Edited by Daniel Hjorth
Chapter 7: Entrepreneurship, crisis, critique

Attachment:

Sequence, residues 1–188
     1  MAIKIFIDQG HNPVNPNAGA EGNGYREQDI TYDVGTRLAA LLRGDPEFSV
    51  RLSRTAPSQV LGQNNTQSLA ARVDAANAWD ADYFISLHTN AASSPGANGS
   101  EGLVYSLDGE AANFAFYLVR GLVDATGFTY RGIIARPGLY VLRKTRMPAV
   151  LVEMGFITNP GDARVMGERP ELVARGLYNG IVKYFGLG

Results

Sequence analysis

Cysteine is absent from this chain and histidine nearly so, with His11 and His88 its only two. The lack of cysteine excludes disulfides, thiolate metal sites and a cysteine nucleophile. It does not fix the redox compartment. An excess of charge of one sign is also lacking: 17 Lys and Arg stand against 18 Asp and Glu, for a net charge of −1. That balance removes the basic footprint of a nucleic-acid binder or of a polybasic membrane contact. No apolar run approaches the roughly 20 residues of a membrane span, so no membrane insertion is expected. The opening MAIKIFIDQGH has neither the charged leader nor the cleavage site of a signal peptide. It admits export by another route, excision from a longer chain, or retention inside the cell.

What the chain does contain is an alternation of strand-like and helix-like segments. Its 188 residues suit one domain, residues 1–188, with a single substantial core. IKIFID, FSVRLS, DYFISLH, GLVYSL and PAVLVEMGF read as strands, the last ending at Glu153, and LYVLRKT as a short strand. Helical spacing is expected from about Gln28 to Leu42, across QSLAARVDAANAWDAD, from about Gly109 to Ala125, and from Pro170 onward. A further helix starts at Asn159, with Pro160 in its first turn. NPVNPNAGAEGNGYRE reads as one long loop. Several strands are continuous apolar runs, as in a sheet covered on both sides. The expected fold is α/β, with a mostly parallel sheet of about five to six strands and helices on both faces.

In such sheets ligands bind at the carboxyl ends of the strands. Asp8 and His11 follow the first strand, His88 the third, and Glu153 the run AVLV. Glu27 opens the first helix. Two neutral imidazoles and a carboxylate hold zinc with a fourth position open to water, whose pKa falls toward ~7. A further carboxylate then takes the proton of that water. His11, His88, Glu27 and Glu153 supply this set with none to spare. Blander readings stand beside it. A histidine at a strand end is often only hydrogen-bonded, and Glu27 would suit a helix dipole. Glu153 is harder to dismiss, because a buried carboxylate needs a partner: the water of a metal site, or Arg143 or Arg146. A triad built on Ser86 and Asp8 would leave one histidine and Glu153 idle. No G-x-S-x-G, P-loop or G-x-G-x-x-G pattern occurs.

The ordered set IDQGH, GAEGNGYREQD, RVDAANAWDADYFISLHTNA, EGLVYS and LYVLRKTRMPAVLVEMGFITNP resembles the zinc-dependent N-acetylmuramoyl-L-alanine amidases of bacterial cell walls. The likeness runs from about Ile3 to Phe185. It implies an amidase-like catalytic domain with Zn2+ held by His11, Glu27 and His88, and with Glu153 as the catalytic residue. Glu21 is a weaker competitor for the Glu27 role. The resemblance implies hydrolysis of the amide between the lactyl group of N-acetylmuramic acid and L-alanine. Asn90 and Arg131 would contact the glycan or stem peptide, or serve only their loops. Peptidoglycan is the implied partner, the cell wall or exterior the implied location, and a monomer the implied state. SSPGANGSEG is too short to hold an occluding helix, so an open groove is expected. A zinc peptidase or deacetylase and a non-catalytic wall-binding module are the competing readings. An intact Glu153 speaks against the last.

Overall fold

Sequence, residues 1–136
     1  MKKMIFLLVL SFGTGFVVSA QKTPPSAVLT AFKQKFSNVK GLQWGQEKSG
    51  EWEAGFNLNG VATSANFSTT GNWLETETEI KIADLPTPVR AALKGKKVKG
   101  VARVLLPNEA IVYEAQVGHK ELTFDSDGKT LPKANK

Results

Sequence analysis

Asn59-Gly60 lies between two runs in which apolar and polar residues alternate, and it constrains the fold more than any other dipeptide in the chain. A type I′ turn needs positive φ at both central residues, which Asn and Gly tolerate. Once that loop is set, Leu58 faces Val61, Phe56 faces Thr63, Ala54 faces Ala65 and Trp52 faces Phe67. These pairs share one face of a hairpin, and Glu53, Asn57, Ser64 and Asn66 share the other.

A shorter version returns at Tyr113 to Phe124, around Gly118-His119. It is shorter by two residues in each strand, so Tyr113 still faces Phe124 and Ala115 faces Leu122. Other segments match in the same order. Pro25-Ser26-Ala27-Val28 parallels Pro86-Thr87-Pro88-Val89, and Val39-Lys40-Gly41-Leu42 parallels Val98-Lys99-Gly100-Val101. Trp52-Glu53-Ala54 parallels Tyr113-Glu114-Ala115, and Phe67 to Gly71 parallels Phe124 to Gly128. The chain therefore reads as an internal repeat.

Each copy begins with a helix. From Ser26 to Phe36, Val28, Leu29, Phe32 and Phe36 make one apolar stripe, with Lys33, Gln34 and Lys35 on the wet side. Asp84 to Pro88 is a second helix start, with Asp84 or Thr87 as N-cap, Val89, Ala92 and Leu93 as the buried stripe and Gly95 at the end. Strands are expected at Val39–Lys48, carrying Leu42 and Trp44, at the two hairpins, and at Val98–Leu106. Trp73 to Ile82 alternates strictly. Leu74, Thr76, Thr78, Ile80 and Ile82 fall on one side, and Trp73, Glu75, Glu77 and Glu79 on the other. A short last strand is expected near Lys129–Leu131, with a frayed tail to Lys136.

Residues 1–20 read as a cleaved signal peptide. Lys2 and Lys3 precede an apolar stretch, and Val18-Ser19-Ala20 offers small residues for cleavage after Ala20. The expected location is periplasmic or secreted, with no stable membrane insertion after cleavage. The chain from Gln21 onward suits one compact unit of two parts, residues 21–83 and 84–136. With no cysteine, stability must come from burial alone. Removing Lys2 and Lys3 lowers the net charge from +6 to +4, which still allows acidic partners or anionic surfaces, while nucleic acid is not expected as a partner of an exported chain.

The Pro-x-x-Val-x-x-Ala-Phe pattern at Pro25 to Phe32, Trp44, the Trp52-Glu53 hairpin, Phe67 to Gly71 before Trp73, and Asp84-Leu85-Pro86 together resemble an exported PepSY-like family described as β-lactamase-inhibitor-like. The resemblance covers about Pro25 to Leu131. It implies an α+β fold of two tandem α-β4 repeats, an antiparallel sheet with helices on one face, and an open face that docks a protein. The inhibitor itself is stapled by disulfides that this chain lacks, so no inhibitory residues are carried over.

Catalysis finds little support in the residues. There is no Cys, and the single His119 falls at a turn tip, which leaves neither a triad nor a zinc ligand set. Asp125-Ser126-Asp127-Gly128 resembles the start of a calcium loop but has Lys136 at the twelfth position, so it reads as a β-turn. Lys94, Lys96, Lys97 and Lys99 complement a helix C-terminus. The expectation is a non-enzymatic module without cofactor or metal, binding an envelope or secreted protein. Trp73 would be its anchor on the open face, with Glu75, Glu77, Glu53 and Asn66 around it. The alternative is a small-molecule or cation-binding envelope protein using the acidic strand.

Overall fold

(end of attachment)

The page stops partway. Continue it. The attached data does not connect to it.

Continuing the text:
Critique starts out from a puzzlement, a bemusement. When it comes to critique of entrepreneurship, here is our puzzle: how is it that our masters think? What, indeed, were they thinking? And what will they think of next? We know how they act – we see it every day. And we hear how they talk, as if in control of vast abilities, while at the same time hapless victims of the dictates of necessities that we could not possibly have the minds to grasp. This situation was understood many years ago by Max Horkheimer, who identified exactly this oscillation. ‘At the heart of the freedom and seeming originality of the entrepreneur’ he wrote, we find equally ‘an acceptance of the blind power of chance’ (1972: 82). He continues: This dependence of the entrepreneur, arising out of the irrational character of the economic process, is manifested in a helplessness before deepening crises and a universal perplexity even among the leaders of the economy. Bankers, manufacturers, and merchants, as the characteristic literature of recent centuries shows, have completely divested themselves of humility. But simultaneously they have come to experience social reality as a superordinate but blind power. (Horkheimer, 1972: 82) Today we seem again to be at the will of blind necessity in a time of crisis. First and foremost, the financial crisis of 2008 and the subsequent recession, global economic and national debt crises that followed.
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